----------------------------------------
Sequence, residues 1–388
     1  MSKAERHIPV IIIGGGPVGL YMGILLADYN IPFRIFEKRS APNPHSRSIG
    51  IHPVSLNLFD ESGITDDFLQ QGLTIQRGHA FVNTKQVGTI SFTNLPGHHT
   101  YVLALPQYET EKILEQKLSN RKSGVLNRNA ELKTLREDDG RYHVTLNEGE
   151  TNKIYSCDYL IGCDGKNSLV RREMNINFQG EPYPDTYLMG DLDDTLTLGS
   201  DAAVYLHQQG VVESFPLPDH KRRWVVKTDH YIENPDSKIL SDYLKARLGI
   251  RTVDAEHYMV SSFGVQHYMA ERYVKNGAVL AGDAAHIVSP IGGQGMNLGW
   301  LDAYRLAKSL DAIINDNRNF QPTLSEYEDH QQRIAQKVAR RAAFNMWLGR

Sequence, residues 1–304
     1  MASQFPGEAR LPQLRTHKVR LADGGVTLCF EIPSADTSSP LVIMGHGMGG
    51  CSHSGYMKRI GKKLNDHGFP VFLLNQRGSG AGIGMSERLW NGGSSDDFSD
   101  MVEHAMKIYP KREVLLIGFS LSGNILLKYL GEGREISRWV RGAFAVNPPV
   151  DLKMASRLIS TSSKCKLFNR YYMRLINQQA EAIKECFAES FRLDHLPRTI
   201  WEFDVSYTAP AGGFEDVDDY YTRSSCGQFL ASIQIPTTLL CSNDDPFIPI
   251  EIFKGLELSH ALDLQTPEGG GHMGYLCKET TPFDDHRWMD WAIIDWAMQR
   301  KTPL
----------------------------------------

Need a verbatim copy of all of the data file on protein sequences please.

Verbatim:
Sequence, residues 1–388
     1  MSKAERHIPV IIIGGGPVGL YMGILLADYN IPFRIFEKRS APNPHSRSIG
    51  IHPVSLNLFD ESGITDDFLQ QGLTIQRGHA FVNTKQVGTI SFTNLPGHHT
   101  YVLALPQYET EKILEQKLSN RKSGVLNRNA ELKTLREDDG RYHVTLNEGE
   151  TNKIYSCDYL IGCDGKNSLV RREMNINFQG EPYPDTYLMG DLDDTLTLGS
   201  DAAVYLHQQG VVESFPLPDH KRRWVVKTDH YIENPDSKIL SDYLKARLGI
   251  RTVDAEHYMV SSFGVQHYMA ERYVKNGAVL AGDAAHIVSP IGGQGMNLGW
   301  LDAYRLAKSL DAIINDNRNF QPTLSEYEDH QQRIAQKVAR RAAFNMWLGR

Sequence, residues 1–304
     1  MASQFPGEAR LPQLRTHKVR LADGGVTLCF EIPSADTSSP LVIMGHGMGG
    51  CSHSGYMKRI GKKLNDHGFP VFLLNQRGSG AGIGMSERLW NGGSSDDFSD
   101  MVEHAMKIYP KREVLLIGFS LSGNILLKYL GEGREISRWV RGAFAVNPPV
   151  DLKMASRLIS TSSKCKLFNR YYMRLINQQA EAIKECFAES FRLDHLPRTI
   201  WEFDVSYTAP AGGFEDVDDY YTRSSCGQFL ASIQIPTTLL CSNDDPFIPI
   251  EIFKGLELSH ALDLQTPEGG GHMGYLCKET TPFDDHRWMD WAIIDWAMQR
   301  KTPL